Uncovering ChatGPT Usage In Academic Papers Through Excess Vocabulary

Frequencies of PubMed abstracts containing certain words. Black lines show counterfactual extrapolations from 2021–22 to 2023–24. The first six words are affected by ChatGPT; the last three relate to major events that influenced scientific writing and are shown for comparison. (Credit: Kobak et al., 2024)
Frequencies of PubMed abstracts containing certain words. Black lines show counterfactual extrapolations from 2021–22 to 2023–24. The first six words are affected by ChatGPT; the last three relate to major events that influenced scientific writing and are shown for comparison. (Credit: Kobak et al., 2024)

That students these days love to use ChatGPT for assistance with reports and other writing tasks is hardly a secret, but in academics it’s becoming ever more prevalent as well. This raises the question of whether ChatGPT-assisted academic writings can be distinguished somehow. According to [Dmitry Kobak] and colleagues this is the case, with a strong sign of ChatGPT use being the presence of a lot of flowery excess vocabulary in the text. As detailed in their prepublication paper, the frequency of certain style words is a remarkable change in the used vocabulary of the published works examined.

For their study they looked at over 14 million biomedical abstracts from 2010 to 2024 obtained via PubMed. These abstracts were then analyzed for word usage and frequency, which shows both natural increases in word frequency (e.g. from the SARS-CoV-2 pandemic and Ebola outbreak), as well as massive spikes in excess vocabulary that coincide with the public availability of ChatGPT and similar LLM-based tools.

In total 774 unique excess words were annotated. Here ‘excess’ means ‘outside of the norm’, following the pattern of ‘excess mortality’ where mortality during one period noticeably deviates from patterns established during previous periods. In this regard the bump in words like respiratory are logical, but the surge in style words like intricate and notably would seem to be due to LLMs having a penchant for such flowery, overly dramatized language.

The researchers have made the analysis code available for those interested in giving it a try on another corpus. The main author also addressed the question of whether ChatGPT might be influencing people to write more like an LLM. At this point it’s still an open question of whether people would be more inclined to use ChatGPT-like vocabulary or actively seek to avoid sounding like an LLM.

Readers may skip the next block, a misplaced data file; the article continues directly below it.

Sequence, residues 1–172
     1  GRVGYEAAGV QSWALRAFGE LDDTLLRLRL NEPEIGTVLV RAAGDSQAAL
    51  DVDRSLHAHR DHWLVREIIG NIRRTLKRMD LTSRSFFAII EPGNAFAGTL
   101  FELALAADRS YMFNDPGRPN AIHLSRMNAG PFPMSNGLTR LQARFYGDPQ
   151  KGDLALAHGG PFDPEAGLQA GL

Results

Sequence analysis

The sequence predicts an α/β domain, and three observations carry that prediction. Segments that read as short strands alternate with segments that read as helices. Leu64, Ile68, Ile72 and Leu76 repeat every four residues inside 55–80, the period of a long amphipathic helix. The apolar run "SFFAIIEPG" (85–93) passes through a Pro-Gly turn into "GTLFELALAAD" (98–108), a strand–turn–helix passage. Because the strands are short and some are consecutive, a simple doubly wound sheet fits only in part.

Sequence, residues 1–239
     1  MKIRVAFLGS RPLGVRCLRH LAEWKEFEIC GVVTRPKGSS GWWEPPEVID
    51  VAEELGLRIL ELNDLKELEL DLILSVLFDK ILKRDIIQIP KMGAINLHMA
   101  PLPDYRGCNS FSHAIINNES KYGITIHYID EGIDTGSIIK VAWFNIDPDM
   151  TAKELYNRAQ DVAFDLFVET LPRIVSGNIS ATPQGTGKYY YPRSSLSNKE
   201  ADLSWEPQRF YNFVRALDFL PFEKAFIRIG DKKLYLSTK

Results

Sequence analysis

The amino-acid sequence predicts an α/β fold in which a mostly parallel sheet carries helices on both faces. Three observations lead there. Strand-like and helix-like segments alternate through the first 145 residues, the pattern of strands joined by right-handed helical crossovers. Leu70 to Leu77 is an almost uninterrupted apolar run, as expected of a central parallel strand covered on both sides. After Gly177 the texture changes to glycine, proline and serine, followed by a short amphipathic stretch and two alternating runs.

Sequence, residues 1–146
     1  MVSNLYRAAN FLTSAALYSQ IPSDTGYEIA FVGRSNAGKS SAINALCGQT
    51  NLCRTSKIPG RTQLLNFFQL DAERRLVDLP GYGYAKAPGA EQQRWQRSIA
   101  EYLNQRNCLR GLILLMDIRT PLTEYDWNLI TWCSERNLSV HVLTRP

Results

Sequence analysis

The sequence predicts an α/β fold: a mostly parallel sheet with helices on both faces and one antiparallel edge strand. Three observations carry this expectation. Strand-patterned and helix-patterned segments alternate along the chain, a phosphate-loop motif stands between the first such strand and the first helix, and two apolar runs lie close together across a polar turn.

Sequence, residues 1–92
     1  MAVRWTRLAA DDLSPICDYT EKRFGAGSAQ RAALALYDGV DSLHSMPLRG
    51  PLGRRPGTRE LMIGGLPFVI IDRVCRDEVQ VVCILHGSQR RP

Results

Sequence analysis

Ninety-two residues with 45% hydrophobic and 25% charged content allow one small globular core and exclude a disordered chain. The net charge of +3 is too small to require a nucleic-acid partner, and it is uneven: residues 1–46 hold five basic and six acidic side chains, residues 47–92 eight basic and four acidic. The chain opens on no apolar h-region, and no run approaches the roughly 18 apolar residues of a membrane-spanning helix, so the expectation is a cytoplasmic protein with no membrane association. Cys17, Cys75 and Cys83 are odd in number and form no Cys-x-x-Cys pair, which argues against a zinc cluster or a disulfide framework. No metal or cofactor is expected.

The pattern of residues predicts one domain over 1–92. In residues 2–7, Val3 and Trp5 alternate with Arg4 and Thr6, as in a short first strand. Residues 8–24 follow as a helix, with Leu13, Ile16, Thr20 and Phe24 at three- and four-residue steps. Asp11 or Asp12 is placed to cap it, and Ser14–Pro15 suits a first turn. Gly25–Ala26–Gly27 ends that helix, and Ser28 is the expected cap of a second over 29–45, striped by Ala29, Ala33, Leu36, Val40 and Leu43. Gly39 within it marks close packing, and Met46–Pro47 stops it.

22 thoughts on “Uncovering ChatGPT Usage In Academic Papers Through Excess Vocabulary

      1. I find it often misinterprets or makes up stuff that wasn’t in the text, or leaves important parts out, and the summaries are sometimes vague to the point of uselessness.

        1. Sounds a lot like the majority of the news readers on any network these days.
          I’ve watched one local channels staffers stumble over the same script error for two days.

          1. A great deal of news articles around the web were already written by AI scripts prior to Chat-GPT becoming a thing.

            It’s mostly about swiping articles form reputable news sites and then re-arranging them to appear like original text.

  1. Word tells aren’t new.

    Anybody who uses ‘hullabaloo’ regularly learned English by listening to Pravda’s English language propaganda.

    Also anybody who types or says ‘late stage capitalism’ is an indoctrinated credulous moron repeating derp!

    1. In these final, frenzied days of late stage capitalism, I’m happy to be reminded of the useful word “hullabaloo”, which I shall try to remember to use use to characterize the derp I hear so very often.

  2. Well with the analysis code available people will just know how to cheat better, but consider they’re using ChatGPT to cheat in the first case, most are probably to lazy to go to tall that work.

  3. “According to [Dmitry Kobak] and colleagues this is the case, with a strong sign of ChatGPT use being the presence of a lot of flowery excess vocabulary in the text.”

    Like a love letter to the grant giver.

    1. Their research results show a lot of potential but it’s crucial that they delve into less technical areas of academia, e.g. fine and literary arts, before we accept their methodology. Seeing similar patterns in these, or any area which encourages the use of flowery language, will be crucial to proving whether their method is universally applicable or must be tuned to each one. Given word usage changes over time and the outsized influence of the culture, school curriculum and like the persons under which one studies, shadows or is trained has on one’s own language, I think they have a significant challenge to overcome with a broader dataset.

      No, this was not written using any form of AI but rather NI or PI, i.e. natural or personal. Speaking…in the AI world we find ourselves in of late, does this mean that “common sense” will soon be known as CI?

    1. Most likely. Anyone who opened many books as a kid has been accused of sounding like a dictionary/thesaurus; accusing a studious academic type of sounding like a robot seems like a no-brainer. Which is fortunate for the accusers, as that leaves them a surplus of one-half.

  4. the thing is, we’re not so different from chatgpt. we will radically restructure our language usage in the presence of a new pattern of speaking. people have made a big deal about the fact that all future AI systems will be trained on data in part generated by AI. but natural intelligence also will be trained on data in part generated by AI.

    at the margins, some people are surely avoiding chatgpt directly but nonetheless changing their vocabulary because of it.

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